The Reservoir by John Milliken Thompson

In The Reservoir’s opening scenes of March 14, 1885, Lillian Madison, a young pregnant woman, is found drowned in the reservoir of Richmond, Virginia. The night before, her cousin Tommie Cluverius, an up-and-coming attorney, is shown leaving the scene, discarding clothing and other items along the way. He does his best to establish an alibi and cover story for mysterious scratches on his hand before returning home to neighboring King and Queen County. Though the death is first thought a suicide, it doesn’t take long before Richmond police journey to Tommie’s home to make an arrest once discovering the cousins were also lovers.

I experienced a failure to launch with this novel, which surprised me because usually a novel like this fits all of my criteria for an absorbing read. Among the things that initially appealed to me were the historical time period, Gothic elements, doomed love triangle and that it’s based on real events. My main point of contention is just how long it took for me to get into the story. It’s slow going in the beginning, and hindered by an incredibly long cast of characters from the people who discovered the body, the investigators, law enforcement in two towns, in addition to to Tommie, Willie, their parents and Aunt Jane and Lillian. The story flits back and forth between the developing relationships between Willie, Lillian, Tommie and Tommie’s fiancé, Nola Bray. The relationship angle is accompanied by an underlying theme of responsibility – for the drowning death of Tommie and Willie’s younger brother Charles. There was something about the writing that created distance from the characters. I was never able to bridge that gap enough to care enough about many of them.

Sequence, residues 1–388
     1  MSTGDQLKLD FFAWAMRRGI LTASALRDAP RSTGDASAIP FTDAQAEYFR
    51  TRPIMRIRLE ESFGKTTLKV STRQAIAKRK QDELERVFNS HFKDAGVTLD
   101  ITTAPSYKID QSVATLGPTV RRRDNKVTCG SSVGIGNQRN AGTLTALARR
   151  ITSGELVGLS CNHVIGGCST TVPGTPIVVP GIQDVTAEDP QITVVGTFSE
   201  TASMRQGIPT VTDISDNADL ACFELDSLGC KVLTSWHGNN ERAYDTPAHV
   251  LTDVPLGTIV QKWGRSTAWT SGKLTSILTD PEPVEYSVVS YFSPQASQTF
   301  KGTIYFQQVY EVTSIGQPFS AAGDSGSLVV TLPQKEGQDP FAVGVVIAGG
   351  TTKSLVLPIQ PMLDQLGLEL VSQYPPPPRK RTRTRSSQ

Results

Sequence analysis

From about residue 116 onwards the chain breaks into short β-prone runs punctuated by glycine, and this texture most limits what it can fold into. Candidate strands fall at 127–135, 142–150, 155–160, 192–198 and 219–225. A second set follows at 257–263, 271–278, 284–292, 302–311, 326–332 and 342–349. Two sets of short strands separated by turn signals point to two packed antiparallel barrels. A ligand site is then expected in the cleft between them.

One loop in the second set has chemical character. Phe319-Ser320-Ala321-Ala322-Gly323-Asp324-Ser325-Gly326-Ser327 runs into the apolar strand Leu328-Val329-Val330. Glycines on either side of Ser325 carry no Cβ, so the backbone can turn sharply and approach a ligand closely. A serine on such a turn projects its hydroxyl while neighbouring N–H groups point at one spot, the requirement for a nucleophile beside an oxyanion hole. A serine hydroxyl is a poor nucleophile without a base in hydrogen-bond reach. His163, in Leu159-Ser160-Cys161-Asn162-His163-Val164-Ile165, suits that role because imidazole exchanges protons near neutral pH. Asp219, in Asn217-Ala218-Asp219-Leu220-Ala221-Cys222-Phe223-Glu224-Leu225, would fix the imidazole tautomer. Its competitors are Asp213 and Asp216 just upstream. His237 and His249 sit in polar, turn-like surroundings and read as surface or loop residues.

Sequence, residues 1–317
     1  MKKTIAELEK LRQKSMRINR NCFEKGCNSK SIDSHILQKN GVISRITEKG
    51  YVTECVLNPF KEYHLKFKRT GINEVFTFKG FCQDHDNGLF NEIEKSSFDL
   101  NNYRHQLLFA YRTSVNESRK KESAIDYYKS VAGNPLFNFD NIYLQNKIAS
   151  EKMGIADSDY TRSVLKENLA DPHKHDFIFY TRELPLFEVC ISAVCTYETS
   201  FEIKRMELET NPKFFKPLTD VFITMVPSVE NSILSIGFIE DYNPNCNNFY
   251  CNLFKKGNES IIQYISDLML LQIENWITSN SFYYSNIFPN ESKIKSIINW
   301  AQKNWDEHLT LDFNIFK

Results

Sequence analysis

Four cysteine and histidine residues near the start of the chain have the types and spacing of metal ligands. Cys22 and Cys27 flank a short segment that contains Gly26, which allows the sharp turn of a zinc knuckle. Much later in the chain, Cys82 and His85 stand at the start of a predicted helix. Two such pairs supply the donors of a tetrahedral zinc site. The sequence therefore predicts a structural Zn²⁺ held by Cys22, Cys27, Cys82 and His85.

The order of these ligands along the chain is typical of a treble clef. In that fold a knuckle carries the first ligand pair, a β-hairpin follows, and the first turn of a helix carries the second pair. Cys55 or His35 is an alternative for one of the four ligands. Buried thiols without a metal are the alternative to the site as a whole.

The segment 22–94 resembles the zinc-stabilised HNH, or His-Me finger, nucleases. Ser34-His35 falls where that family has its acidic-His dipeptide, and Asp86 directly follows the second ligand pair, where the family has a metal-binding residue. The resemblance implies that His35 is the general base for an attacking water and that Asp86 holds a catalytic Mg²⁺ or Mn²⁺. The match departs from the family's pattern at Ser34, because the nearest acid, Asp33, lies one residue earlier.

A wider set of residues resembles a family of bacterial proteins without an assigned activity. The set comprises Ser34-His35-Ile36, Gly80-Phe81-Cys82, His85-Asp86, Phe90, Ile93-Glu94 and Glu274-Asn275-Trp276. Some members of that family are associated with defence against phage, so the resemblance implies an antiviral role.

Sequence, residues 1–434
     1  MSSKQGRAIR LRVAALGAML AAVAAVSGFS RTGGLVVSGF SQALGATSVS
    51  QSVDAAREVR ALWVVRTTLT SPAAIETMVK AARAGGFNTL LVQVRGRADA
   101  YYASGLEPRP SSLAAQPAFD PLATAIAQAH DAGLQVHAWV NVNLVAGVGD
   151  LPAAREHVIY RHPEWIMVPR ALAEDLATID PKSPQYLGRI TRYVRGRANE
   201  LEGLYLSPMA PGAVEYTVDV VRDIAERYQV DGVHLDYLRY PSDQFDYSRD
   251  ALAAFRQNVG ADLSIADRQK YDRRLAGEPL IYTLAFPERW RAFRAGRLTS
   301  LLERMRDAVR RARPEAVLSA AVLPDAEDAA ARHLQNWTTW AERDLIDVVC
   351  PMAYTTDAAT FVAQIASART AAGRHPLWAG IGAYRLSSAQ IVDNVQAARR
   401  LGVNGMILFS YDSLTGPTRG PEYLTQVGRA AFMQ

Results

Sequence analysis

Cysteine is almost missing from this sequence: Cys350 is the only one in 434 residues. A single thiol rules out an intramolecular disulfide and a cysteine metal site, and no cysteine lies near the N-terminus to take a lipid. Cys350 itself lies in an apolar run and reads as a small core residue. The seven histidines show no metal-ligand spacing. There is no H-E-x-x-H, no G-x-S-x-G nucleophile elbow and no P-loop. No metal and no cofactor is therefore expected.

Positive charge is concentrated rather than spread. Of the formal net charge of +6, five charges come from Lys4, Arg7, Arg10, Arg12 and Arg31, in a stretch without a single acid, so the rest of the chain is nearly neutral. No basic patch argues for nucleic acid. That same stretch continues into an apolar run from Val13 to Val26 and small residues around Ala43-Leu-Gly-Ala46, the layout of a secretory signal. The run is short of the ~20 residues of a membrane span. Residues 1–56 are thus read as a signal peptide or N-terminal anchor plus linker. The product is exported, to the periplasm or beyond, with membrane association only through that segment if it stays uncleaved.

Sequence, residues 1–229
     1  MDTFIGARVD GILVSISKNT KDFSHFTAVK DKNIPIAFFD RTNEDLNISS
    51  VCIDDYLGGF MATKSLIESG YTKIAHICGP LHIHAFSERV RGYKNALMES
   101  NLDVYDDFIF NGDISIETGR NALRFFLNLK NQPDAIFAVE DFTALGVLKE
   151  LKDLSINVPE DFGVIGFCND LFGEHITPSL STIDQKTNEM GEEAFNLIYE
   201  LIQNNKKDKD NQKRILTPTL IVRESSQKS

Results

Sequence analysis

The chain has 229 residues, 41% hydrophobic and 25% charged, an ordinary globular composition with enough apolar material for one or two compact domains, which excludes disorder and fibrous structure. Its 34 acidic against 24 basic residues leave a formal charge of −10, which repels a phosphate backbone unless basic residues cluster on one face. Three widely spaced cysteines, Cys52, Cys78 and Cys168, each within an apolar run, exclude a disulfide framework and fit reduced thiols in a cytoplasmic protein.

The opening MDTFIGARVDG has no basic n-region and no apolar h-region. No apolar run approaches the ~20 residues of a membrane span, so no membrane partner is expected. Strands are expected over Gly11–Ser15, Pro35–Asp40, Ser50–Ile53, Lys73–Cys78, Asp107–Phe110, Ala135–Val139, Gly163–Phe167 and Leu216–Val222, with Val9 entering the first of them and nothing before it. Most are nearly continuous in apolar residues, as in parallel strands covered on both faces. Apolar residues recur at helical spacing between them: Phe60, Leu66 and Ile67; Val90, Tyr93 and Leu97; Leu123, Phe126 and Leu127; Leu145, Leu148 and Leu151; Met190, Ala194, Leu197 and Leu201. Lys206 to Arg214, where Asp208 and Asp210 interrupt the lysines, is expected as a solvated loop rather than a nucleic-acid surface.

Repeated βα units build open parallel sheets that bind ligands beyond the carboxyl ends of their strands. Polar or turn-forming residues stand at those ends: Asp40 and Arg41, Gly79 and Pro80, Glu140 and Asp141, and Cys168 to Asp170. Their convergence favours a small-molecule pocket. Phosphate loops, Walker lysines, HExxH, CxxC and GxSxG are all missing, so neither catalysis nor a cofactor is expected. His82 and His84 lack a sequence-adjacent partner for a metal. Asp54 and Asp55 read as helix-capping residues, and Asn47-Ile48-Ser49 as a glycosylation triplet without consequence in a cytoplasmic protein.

About a hundred pages in, I did become more engaged in the story. The tension is in whether Tommie actually committed murder. There is ample feeling and characterization to suggest he was calculating enough about his career and marriage into wealth to have killed his poor relation. This pregnancy would have surely interfered with his prospects. While the story is a sad one, it’s also a familiar one and nothing in it particularly surprised me. Milliken Thompson does a good job of portraying the time and the history of old Virginia, and The Reservoir will appeal to those interested in period dramas, especially those set in 19th century Virginia.

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